photo of Yo-Yo Ma

Yo-Yo Ma

“Only after I have become familiar with the style and character of the work can I start shaping an interpretation.”
—Yo-Yo Ma
The Musician’s Way, p. 24

On a primary level, musical interpretation conveys fluctuations in emotional intensity.

And one of the best ways to communicate changes in intensity is to vary volume.

Fundamentally, more volume equals more emotional power.

So we can set out to create an interpretation by increasing and decreasing volume to complement the gradations of intensity we perceive in a composition.

Three Ways to Shape Musical Dynamics

1. Adjust Volume in Line with Melodic Arc

When melodies ascend, they often grow in vigor; upon descent, they might repose.

As a rudimentary strategy, therefore, we can raise and lower the dynamic levels along with the melodic arc:

Music example

Ex. 1: Mario Castelnuovo-Tedesco, Sonatina for flute & guitar Op. 205, 2nd mvnt, meas. 5-8

2. Adjust Volume in Keeping with Harmonic Intensity

Musical intensity isn’t generated from melodic layout alone; harmony also plays a vital role.

For instance, as chords depart from the tonic harmony, intensity rises, so we should adjust our volume in response to harmonic energy.

In Example 2, notice how the harmonies call out for dynamic shading as they progress away from and then return to the tonic chord:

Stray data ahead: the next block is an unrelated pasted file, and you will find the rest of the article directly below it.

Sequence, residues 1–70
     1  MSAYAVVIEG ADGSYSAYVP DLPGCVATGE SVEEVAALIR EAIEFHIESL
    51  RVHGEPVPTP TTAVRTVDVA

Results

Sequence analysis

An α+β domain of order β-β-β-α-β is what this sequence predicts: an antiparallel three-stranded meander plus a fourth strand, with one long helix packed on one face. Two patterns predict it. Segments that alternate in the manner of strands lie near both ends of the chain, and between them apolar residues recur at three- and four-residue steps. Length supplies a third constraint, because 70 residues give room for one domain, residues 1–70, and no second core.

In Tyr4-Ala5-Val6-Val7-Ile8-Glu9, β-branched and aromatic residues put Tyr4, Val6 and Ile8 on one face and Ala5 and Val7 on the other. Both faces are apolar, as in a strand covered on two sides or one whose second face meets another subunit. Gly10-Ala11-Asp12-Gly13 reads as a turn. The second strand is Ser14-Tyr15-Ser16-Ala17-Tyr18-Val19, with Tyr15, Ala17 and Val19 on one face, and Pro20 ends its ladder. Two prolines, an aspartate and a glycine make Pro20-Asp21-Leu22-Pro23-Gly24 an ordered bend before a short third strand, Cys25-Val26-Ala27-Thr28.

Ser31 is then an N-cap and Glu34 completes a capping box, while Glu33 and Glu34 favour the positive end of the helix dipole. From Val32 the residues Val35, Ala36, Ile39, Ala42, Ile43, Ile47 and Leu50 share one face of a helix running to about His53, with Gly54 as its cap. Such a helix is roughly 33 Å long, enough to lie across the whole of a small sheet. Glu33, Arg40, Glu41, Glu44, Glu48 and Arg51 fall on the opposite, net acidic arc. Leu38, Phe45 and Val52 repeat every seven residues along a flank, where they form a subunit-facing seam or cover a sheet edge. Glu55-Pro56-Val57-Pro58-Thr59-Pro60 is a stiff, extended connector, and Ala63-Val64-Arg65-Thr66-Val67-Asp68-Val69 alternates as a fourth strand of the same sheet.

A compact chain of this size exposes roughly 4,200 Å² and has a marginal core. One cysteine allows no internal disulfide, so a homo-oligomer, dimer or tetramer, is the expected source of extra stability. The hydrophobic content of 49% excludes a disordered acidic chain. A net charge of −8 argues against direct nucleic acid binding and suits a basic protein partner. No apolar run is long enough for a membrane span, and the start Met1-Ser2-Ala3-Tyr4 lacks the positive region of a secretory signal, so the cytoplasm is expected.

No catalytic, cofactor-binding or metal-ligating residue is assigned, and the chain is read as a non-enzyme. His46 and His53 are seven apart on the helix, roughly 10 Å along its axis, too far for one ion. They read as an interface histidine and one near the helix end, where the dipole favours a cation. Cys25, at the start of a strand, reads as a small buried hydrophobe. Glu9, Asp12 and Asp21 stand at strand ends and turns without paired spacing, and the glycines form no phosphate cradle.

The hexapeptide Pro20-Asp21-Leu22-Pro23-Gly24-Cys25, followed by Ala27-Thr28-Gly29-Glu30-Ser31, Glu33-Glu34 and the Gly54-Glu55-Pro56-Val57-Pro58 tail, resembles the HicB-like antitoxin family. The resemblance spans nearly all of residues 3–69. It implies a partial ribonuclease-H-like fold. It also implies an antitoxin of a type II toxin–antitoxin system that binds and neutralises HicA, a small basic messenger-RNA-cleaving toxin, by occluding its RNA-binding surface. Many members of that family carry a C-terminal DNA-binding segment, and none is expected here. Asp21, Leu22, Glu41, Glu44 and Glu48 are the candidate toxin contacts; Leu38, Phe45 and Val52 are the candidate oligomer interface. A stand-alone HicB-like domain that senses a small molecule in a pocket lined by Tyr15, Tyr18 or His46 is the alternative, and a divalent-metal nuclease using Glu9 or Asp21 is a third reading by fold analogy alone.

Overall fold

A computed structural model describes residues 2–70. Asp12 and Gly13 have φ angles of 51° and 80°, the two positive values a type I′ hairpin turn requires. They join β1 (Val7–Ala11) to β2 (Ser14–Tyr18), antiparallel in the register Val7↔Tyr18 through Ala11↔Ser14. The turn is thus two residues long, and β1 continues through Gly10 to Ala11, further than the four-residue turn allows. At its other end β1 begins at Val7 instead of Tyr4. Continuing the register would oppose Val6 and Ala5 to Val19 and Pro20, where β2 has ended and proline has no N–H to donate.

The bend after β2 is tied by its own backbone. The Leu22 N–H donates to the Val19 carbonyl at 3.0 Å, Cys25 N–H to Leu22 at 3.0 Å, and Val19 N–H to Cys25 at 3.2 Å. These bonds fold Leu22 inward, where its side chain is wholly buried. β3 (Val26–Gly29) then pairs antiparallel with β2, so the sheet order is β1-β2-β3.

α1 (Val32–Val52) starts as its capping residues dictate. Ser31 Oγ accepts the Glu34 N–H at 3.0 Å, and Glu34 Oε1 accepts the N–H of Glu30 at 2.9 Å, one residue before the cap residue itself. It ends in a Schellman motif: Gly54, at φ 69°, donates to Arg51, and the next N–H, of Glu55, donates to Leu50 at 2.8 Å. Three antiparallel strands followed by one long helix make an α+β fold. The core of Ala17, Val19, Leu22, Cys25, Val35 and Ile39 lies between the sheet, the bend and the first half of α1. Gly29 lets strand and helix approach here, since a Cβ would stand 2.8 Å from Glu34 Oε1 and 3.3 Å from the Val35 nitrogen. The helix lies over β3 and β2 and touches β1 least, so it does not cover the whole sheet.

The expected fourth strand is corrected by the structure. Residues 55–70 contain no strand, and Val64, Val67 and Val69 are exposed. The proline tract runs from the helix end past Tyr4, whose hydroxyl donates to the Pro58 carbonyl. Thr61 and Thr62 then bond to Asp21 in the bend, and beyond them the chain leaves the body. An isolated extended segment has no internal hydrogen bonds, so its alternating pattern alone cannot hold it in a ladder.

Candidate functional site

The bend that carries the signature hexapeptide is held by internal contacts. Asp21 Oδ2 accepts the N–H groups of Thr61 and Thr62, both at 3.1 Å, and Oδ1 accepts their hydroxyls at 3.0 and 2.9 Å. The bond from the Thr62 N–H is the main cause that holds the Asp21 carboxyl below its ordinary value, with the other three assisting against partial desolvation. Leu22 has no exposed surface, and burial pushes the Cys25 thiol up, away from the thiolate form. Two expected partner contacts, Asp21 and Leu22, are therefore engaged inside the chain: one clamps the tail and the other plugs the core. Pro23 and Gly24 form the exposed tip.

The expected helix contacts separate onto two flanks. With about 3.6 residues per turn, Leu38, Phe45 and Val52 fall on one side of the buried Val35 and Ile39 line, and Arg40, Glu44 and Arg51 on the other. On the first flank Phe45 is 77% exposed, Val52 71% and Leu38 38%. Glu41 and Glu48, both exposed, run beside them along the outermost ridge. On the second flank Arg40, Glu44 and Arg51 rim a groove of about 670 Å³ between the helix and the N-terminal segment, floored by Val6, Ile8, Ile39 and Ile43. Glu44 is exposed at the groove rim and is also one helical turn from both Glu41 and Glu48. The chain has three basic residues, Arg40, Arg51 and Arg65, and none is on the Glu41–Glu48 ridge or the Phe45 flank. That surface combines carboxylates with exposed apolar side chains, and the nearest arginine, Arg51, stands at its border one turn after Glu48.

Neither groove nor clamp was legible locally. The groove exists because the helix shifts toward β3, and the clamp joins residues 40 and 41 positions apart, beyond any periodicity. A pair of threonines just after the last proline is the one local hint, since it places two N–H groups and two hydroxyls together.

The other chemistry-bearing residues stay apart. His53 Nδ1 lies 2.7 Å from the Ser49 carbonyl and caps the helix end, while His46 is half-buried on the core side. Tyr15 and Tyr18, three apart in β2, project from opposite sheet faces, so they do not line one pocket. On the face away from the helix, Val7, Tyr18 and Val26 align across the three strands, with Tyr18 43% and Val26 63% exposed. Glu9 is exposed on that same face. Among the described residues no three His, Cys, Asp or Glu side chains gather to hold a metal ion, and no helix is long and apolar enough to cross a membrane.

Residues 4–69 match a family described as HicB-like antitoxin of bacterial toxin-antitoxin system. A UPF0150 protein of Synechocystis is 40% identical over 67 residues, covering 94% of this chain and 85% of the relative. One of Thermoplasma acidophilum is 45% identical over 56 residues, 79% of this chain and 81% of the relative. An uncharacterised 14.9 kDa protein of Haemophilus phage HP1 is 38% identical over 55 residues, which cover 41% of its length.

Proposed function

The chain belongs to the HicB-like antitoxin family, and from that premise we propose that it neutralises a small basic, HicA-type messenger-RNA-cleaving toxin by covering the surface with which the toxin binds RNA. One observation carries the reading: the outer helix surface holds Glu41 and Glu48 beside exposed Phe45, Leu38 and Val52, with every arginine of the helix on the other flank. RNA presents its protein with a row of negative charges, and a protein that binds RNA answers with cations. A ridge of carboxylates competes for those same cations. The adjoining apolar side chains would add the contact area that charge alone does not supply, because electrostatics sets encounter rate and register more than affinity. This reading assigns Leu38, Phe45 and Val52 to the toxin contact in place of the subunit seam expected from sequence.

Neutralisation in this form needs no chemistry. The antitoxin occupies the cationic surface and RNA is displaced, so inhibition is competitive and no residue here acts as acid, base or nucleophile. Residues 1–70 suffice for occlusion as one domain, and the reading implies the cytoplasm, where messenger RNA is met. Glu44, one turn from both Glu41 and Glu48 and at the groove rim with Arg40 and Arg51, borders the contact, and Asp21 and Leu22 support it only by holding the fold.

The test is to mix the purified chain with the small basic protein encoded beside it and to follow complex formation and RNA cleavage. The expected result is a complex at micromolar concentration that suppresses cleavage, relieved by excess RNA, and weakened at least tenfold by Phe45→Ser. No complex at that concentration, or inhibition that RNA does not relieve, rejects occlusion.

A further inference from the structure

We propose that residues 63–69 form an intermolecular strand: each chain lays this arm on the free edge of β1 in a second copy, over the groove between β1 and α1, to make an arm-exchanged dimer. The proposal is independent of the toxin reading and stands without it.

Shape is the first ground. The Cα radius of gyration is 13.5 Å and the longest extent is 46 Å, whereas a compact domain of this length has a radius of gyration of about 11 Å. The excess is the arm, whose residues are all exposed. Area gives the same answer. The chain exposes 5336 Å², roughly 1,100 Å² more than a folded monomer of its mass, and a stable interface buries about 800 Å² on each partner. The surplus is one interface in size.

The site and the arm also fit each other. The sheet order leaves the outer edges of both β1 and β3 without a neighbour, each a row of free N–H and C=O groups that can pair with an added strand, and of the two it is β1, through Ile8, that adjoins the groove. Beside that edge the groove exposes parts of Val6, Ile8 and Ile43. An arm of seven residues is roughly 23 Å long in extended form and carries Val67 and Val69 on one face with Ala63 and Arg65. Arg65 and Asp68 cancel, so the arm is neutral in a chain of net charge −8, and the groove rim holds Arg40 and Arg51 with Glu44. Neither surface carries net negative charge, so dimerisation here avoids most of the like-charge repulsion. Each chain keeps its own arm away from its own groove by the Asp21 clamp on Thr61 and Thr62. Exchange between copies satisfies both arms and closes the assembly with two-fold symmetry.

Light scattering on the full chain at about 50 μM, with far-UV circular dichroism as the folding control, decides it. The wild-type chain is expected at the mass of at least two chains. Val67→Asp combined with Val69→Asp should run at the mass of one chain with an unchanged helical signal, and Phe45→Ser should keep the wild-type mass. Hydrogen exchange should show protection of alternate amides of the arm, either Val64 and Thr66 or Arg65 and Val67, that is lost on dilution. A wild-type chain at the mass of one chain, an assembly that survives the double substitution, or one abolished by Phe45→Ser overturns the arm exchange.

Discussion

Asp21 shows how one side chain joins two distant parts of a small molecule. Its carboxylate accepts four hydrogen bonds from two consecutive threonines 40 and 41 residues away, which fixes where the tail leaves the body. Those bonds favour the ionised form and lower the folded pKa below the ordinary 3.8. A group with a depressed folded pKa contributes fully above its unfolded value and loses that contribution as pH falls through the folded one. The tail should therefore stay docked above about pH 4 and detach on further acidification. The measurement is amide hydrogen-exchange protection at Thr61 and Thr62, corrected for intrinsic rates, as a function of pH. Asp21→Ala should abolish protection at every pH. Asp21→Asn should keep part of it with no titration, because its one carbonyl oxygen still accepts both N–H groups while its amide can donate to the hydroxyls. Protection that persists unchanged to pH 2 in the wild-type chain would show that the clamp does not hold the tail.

Music example

Ex. 2: J. S. Bach, Suite BWV 1007 for unaccompanied cello, meas. 1-4

3. Shape Volume According to Melody, Harmony, Meter and Text

With vocal music, the text guides the shifts in melodic and harmonic power.

In Example 3, the melody, harmony, and text align such that, as the melody and text rise and fall in intensity, the harmony moves in step; the strongest pitches also fall on strongest beats:

Music example

Ex. 3: Franz Schubert, Erlkönig D. 328 for voice and piano, meas. 93-96

What if a melody descends and the harmony becomes more potent? Harmonic intensity usually trumps melodic outline.

Even so, we should use our best judgment with any musical situation, making interpretive choices that feel honest, and then expand and contract our sound accordingly.The Musician's Way book cover

Also take into account that a piece may be structured with a single climactic peak that merits the loudest treatment, so we’ll often want to regulate our volume over the long haul so that we arrive at fortissimo only once.

Lastly, to evaluate our use of dynamics, we do well to record ourselves regularly.

Recommended personal recorders: Zoom H4N | Zoom H2n | Tascam DR-22WL

The Musician’s Way presents an inclusive approach to music interpretation and performance. Read reviews.

Related posts
7 Essentials of Artistic Interpretation
Deep Listening 
The Problems with “Notes First” Practice
Self-Recording in Practice

© 2018 Gerald Klickstein
Adapted from The Musician’s Way, pages 25-26.

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